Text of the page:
The Corner

Re: Surrendering Obamacare

Jonah, there is some danger that this debate over what to call the individual mandate is going to get lost in semantics. As I think you agree, the issue for public debate is not whether the individual mandate is a “tax” or a “penalty,” but rather only whether it is a “penalty.” As a matter of common English, a tax may also be a penalty — if it is a “tax penalty.” (That is also true for purposes of the Bankruptcy Code; see footnote 5 in the dissent’s opinion.)

But for purposes of the Constitution, this provision can only be sustained under the taxing power if it is a “mere tax” for the general welfare. But if it is a tax-penalty attached to a mandate, then it cannot be sustained under the taxing power; the constitutionality of the penalty is determined by the constitutionality of the mandate it is designed to enforce. That has been absolutely settled for almost 100 years.   

The best way to articulate this position is to say that the Court and the Obama administration are both partly right. The Court is right that it is a tax, and the administration is right that it is a penalty. Hence, the administration broke its promise not to raise taxes on the middle class, because this is a tax on the middle class. The dissent calls it an “exaction” but when the government adds money to the amount you owe on your income taxes, most Americans can readily see that it’s a tax. Now, for purposes of the Constitution’s tax-and-spend clause, this is not a tax “for the general welfare,” which is why the dissent avoids the term “tax.” But in common English and popular understanding this is a tax.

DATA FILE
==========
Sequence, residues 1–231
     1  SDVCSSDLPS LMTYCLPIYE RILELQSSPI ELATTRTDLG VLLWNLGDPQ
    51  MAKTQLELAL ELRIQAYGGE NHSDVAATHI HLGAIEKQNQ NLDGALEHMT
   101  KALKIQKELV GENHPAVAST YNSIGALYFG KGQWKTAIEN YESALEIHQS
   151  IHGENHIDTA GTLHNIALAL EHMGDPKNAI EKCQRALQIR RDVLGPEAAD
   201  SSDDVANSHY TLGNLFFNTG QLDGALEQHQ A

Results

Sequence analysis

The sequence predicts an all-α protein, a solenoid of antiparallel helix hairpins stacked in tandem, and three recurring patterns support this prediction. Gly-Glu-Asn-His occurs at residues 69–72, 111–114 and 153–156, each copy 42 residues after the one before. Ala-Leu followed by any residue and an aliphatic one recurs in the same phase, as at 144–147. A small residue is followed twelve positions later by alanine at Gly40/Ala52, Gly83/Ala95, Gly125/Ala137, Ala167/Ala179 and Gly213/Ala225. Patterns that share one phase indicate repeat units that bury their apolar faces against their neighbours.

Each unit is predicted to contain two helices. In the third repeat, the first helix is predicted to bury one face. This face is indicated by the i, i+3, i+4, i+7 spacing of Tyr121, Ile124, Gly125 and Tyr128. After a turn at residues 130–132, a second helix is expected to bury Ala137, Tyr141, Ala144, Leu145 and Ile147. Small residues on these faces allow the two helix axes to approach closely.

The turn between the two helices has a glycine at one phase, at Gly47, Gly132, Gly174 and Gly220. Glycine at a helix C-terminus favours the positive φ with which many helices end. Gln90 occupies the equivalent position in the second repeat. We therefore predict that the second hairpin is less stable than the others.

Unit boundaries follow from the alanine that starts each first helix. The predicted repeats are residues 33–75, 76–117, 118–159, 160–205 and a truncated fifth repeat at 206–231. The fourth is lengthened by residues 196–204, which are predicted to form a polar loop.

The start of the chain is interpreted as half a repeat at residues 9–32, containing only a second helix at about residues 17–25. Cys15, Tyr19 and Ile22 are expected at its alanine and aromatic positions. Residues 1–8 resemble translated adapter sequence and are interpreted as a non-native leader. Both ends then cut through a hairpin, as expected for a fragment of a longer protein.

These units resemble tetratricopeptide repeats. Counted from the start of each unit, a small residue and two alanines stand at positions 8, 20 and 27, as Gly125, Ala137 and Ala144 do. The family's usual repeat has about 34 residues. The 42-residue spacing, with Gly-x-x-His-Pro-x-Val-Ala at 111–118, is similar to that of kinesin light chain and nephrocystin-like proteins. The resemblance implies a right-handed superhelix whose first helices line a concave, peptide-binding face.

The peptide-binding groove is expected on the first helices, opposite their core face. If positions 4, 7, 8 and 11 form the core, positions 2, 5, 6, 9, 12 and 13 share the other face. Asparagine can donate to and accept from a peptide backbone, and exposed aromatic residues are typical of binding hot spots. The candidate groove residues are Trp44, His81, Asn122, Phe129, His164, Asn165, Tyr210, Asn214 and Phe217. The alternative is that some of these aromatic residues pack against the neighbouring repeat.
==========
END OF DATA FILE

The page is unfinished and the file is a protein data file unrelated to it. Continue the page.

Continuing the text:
The crucial thing is that it is also a penalty. That’s where the Obama administration is absolutely correct. And because it is a penalty, its constitutionality cannot be sustained under the taxing power. And because the mandate itself could not be sustained under the Commerce Clause, it follows inescapably, from the administration’s own hilarious attempt to escape the “tax” label, that the penalty is unconstitutional.

Every time the administration says this is a penalty, it is saying that it is unconstitutional. So rather than drowning in semantics, let’s just agree to call it a “tax penalty.” What the administration’s critics should be driving home is that the administration cannot have it both ways: Either the mandate is nothing other than a tax or it is unconstitutional. 

Mario Loyola is a senior fellow at the Competitive Enterprise Institute, the director of the Environmental Finance and Risk Management Program of Florida International University, and a visiting fellow at the National Security Institute of George Mason University. The opinions expressed in this column are his alone.


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